It appears that A History of Hand Knitting is out of print again, which is a shame.
This extensive book, written by Richard Rutt, provides a nice overview of actual history and some lore, starting with what preceeded knitting (nalbinding and other techniques that aren't quite the same), moving into actual knitting, and on up to about 1985.
If you can get your hands on a copy, you should, even if you aren't an avid historian. It's really fun to see a copy of the world's oldest extant knitting pattern, read about how the Crimean War affected knitting, and see an incredible knitted lace dress from around 1960.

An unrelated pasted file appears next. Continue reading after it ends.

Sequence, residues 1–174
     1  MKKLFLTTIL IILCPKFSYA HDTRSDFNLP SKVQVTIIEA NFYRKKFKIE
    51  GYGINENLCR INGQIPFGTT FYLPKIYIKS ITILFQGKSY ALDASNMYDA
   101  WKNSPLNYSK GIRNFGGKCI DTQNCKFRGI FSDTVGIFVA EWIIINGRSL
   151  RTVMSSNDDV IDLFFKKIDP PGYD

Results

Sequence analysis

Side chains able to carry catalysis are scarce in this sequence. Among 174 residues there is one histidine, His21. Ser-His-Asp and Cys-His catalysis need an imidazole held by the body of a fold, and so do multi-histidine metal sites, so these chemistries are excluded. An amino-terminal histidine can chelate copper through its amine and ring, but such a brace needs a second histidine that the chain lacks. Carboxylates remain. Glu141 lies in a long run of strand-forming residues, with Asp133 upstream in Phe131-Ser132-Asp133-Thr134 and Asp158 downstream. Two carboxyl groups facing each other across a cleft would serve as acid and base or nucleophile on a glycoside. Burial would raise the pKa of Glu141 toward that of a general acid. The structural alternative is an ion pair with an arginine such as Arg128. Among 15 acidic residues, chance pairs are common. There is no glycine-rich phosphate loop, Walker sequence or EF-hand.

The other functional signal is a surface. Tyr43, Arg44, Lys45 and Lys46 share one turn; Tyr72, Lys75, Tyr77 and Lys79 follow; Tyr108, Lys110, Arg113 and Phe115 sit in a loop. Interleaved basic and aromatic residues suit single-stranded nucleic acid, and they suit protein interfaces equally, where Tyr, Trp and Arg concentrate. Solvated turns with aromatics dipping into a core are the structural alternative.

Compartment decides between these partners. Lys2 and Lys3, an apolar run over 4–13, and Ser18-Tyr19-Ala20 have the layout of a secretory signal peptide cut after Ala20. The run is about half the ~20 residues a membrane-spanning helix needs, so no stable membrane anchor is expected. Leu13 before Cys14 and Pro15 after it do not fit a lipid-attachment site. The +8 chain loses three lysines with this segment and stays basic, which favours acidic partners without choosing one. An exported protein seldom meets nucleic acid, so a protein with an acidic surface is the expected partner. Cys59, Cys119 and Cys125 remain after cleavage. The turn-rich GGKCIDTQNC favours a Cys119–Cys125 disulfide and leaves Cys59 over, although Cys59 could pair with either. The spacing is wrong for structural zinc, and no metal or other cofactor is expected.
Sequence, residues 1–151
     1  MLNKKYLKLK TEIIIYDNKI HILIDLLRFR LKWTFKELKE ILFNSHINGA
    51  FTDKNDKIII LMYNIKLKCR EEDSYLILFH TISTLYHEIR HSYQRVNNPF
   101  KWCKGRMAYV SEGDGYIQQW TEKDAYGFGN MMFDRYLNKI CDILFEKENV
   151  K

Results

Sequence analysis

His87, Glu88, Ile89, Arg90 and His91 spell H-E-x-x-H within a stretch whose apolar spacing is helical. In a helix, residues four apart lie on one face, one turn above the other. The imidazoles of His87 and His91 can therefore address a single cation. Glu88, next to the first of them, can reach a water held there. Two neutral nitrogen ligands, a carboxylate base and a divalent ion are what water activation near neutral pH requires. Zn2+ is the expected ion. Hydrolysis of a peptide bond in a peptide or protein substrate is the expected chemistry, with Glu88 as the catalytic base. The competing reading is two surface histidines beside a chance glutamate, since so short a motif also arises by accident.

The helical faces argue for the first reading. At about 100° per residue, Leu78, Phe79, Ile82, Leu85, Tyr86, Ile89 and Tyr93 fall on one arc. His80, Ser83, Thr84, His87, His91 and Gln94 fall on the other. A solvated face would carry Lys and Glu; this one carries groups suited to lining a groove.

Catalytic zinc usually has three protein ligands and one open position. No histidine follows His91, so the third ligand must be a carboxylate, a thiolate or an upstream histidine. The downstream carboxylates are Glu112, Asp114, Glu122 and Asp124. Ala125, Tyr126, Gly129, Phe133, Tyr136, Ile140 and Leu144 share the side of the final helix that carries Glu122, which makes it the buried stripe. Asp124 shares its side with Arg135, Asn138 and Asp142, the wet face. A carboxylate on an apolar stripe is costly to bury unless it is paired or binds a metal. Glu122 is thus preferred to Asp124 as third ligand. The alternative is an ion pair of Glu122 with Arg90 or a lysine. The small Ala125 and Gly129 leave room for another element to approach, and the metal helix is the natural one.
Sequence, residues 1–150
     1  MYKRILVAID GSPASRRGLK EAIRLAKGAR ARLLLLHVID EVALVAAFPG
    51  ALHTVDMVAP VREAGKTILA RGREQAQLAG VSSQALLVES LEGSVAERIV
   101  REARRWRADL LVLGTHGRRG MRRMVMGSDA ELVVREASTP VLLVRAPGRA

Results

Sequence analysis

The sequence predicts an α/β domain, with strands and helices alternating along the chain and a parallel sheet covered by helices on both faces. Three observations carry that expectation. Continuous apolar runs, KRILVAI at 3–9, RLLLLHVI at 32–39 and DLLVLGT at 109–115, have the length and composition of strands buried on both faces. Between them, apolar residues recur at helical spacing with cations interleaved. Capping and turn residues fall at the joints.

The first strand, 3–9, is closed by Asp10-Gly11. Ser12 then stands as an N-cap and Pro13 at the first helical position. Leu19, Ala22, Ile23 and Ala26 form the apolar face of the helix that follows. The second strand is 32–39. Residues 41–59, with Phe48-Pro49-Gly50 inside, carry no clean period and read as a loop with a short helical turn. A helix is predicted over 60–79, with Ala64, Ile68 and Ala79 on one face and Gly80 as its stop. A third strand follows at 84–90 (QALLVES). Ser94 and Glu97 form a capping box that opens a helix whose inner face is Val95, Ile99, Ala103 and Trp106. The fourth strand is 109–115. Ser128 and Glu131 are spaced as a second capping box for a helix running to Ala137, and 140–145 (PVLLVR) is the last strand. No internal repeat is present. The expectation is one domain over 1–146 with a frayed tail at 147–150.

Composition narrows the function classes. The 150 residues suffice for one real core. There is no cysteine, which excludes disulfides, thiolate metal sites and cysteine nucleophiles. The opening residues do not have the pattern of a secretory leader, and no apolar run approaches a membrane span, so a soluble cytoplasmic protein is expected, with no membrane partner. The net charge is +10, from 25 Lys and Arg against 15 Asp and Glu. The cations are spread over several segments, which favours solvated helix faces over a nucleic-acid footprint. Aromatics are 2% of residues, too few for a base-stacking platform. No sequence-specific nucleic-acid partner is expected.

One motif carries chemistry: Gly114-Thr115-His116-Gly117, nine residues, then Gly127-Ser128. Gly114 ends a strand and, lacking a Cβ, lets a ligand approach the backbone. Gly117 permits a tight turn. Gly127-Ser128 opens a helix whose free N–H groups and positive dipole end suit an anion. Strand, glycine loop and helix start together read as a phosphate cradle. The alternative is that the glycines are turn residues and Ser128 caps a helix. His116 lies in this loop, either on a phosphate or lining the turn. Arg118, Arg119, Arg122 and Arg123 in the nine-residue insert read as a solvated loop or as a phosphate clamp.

Rutt wasn't writing for an audience of historians, but a bunch of knitters. His tone is friendly and warm. The historical glossary of knitting terms renders up jewels like "arrasene," "back bar," and "moggin."
Rutt's list of English Knitting Literature used to bring me to my knees with envy, but his collection is available online, now. So, Mrs. Gaugain can confuse the dickens out of me, anytime I like.